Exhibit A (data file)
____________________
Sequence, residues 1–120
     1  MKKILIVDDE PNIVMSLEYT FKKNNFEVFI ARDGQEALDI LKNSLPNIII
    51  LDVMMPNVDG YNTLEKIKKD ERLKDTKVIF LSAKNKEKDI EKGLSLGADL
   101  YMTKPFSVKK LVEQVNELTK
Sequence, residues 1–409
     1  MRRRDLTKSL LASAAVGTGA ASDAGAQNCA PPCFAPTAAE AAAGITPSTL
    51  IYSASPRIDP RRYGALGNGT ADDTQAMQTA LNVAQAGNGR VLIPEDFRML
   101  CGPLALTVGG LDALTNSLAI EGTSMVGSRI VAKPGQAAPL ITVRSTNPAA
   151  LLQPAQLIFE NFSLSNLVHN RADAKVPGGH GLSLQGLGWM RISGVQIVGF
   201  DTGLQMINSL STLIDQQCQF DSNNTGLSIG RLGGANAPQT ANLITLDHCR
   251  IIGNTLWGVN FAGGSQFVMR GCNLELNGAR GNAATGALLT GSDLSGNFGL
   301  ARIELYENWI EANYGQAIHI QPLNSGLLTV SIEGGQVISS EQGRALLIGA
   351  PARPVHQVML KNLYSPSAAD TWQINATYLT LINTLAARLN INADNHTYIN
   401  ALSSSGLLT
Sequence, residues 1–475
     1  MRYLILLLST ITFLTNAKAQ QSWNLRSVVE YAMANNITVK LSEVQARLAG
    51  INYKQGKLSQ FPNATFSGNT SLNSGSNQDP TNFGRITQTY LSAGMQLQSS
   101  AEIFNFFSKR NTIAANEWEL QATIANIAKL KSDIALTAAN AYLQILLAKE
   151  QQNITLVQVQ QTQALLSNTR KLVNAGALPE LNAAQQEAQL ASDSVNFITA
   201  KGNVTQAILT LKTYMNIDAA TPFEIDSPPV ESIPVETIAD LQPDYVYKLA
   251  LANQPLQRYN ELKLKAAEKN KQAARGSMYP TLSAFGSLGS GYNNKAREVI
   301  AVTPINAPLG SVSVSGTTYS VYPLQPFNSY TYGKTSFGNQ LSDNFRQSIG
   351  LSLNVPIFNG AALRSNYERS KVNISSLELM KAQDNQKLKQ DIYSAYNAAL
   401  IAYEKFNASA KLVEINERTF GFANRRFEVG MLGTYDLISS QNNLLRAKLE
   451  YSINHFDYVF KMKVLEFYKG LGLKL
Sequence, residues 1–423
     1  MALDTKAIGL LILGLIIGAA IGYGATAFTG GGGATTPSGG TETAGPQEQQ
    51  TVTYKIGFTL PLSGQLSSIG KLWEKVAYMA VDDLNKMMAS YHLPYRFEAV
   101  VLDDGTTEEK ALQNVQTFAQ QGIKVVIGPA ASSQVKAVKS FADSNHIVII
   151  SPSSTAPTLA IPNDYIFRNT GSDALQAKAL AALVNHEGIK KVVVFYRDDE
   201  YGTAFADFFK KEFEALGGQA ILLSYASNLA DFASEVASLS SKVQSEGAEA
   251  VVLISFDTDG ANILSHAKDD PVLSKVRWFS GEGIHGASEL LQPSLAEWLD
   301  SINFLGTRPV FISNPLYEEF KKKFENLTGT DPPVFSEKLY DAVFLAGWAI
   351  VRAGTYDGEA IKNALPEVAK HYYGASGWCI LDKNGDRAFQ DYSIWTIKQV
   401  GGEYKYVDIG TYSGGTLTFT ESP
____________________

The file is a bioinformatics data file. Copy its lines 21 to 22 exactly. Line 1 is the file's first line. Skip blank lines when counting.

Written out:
   251  LANQPLQRYN ELKLKAAEKN KQAARGSMYP TLSAFGSLGS GYNNKAREVI
   301  AVTPINAPLG SVSVSGTTYS VYPLQPFNSY TYGKTSFGNQ LSDNFRQSIG